Minor is a genus of about 3000 species of moulds. . It is a common saprophytic fungus. It grows on dead organic materit I. It is commonly found in soil, digestive systems,plant surfaces,and rotten vegetable matter. In laboratory we can culture this fungus by keeping moist bread under bell jar for two or three days. The fungal mycelium looks like fine cottony threads on the surface of breads, pickles, shoes etc. Afterwards, it forms black spores. Therefore, it is converted into black mass. Thus it is known as black molds. Its common species is M mucedo. Colonies of this fungal genus are typically white to beige or gray and fast-growing. Colonies on culture medium may grow to several centimeters in height.
The mycelium is white, very fine profusely branched and intei woven. These are coenocytic. Each hypha consists of n umerous small nuclei. It also has glycogen and oil drop. These are embedded in grainular cytoplasm. The fungus is heterotrophic in their mode of nutrition. Certain hyphae (rhizoidal hyphae) secrete some enzymes. There enzymes convert insoluble carbohydrates into solublv sugars. These compounds are then absorbed by the hyphae.
The fungus Mucor may reproduce by vegetative, sexual or asexual means.
Vertative reproduction by aplanospore formation
It is simply by fragmentation of hyphae. During the favourable cone ition the mycelium gives out some aerial hyphae known as sporangiophore.
- The terminal ends swell to develop sporangia. The cytoplasm
nutrients and many nucleic are accumulated in tht. young sporangia. The protoplasm is accumulated just below the sporangial wall. Vacuoles are formed in the central region of the sporangium.
- A swollen vegetative columella develops in the centre ofprotoplasm. Columella is a sterile structure.
- Protoplasm surrounds the columella. This protoplasm begins to divide in small protoplasmic bits from outside to inside. Each small protoplasmic bit contains 2-10 nuclei in it. They are called the aplanospore.
- At maturity the outer wall of sporangium bursts. The spores come out and are dispersed by wind. Each spore on suitable conditions germinates. It produces germ tubes. This tube develops into new mycelium.
Fig: Sexual reproduction in Mucor
In Mucor the asexual reproduction also takes place. It takes place by the formation of thick walled intercalary chlamydospores or by formation of oidia. The oidia are formed in liquid media. They also cause the fermentation of sugar solution in which they are developed. The mycelium becomes septate. Thus the thin walled segments of oidia are separated from each other in the liquid medium. The oidia increase in number by budding. This stage of Mucor is called “torula condition”. Alcohol is produced during fermentation.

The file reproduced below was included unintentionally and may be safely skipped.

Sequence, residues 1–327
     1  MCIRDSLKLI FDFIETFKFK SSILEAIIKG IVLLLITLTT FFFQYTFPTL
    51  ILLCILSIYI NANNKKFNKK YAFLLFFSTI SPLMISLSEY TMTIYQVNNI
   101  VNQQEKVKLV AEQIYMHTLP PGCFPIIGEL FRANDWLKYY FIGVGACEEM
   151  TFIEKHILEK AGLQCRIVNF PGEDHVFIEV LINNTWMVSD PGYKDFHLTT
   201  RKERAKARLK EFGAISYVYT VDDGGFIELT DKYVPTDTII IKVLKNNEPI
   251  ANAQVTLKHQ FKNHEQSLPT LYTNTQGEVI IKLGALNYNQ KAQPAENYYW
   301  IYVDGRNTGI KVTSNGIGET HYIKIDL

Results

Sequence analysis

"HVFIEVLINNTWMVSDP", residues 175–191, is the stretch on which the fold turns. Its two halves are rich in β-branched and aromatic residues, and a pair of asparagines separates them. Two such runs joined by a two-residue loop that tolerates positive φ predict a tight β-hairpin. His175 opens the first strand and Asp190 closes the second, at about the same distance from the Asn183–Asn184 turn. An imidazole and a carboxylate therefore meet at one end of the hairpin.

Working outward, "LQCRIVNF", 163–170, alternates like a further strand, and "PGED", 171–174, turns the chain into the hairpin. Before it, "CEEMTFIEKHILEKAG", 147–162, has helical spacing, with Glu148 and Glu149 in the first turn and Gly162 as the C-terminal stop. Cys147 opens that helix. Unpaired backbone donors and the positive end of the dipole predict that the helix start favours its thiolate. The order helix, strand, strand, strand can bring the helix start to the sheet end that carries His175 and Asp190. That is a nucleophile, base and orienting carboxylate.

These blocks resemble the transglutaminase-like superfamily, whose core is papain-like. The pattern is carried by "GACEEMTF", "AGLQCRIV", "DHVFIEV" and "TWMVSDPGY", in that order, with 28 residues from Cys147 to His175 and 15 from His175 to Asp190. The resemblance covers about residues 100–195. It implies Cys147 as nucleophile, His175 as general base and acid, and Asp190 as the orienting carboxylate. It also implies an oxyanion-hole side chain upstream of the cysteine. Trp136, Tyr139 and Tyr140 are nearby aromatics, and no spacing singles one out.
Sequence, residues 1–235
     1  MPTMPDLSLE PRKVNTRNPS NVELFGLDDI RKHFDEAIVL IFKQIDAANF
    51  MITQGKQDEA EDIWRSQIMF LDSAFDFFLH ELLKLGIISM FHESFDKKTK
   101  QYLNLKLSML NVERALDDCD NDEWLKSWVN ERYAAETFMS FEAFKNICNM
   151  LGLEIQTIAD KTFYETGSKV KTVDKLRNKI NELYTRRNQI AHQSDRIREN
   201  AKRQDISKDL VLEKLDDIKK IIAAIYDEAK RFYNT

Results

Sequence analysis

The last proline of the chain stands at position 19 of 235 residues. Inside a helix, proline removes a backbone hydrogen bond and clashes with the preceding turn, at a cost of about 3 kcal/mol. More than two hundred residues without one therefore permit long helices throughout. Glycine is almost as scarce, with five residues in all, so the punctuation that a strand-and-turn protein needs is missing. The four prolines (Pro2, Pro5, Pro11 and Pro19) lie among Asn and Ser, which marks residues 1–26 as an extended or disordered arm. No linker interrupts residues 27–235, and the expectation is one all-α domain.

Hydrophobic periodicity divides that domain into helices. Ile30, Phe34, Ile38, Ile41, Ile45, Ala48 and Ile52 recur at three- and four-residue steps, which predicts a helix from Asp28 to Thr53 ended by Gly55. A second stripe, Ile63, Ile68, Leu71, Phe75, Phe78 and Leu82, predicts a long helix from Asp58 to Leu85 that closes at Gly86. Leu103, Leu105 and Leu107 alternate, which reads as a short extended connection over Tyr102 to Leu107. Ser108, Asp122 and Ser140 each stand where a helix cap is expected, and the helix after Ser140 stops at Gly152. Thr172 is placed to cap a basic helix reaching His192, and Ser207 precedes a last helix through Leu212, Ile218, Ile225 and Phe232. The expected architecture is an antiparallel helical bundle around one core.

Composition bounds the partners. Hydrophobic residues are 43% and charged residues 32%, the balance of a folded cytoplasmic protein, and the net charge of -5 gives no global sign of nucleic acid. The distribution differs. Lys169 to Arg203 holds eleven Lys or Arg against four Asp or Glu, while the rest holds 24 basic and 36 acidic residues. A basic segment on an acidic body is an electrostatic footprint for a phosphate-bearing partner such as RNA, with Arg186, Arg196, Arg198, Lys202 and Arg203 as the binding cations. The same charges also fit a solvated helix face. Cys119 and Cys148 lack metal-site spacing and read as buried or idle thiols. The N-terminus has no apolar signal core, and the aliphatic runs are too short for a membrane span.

Mucor is dioecious and heterothallic. The male and female mycelia are morphologically identical. But they are different physiolagically. Thus they are represented by + (positive) and — (negative) strains.
- During sexual reproduction two hyphae from mycelia of different strains grow towards each other. Such hyphae are known as progametangia.
- The progametangia grow towards each other they final17, adhere
with each other at their tips. Their tips swell uk.: and a transverse septum develops in each progametangia. It differertiates a “erminal cell or gametangium. The remaining part of progametangium is called suspensor.
- The gametangia of both strains are multinucleate. Therefore, the gametangium is called coenogamete. These two coenogamete ‘use together. Their intermediate wall dissolves and zygote or zygospore is formed.
- fhe zygote later develops a thick wall made up of two layers. The outer layer is called as exospore and inner i; called endospore.
Germination of Zygote
The zygote passes unfavourable environmental conditions. On the return of favourable conditions it germinatcs. Its wall split open and a single hypha grows out. This hypha terminates in a sporangium. The spores produced in this sporangium give rise to new mycelium. Reduction division occurs at the time of germination of zygote or at the time of formation of spores.
Sometimes, gametes fail to fuse. They behave like spores. Such sporas are called azygospores. These spores develop into new individual.
Fig: Life cycle of Mucor
Economic or medical Importance of Mucor
1. Allergy: Mucor sp. are often found in soils, dead plant material (hay), horse dung, fruits and fruit juice. It is also found in ‘either, meat, dairy products, animal hair, and jute. It is almost always in house dust, frequently in air samples and old dirty :arpets. One study of the most frequent molds found in house dust in samples of homes found Mucor in 98% of the samples from homes. Wood chips and sawdust are often attacked by Al plimbeus. It causes wood chips disease and furrier’s lung. Accumulated dust in ventilation ducts may contain high concentrations of viable Mucor spores. Asthmatic reactions to Vhicor have been described.
- Mueorosis: It may cause skin and bronchial allergenic reactions. t is an opportunistic pathogenic organism and it may cause mucorosis in immune compromised individuals. The sites of nfections are the lung, nasal sinus, brain, eye, and skin. Infection may have multiple sites.
- Nucor. together with Rhizopus, is one of the most quickly invading organisms. They are able to contaminate many kinds of aored food products.
Fig: Life cycle of Mucor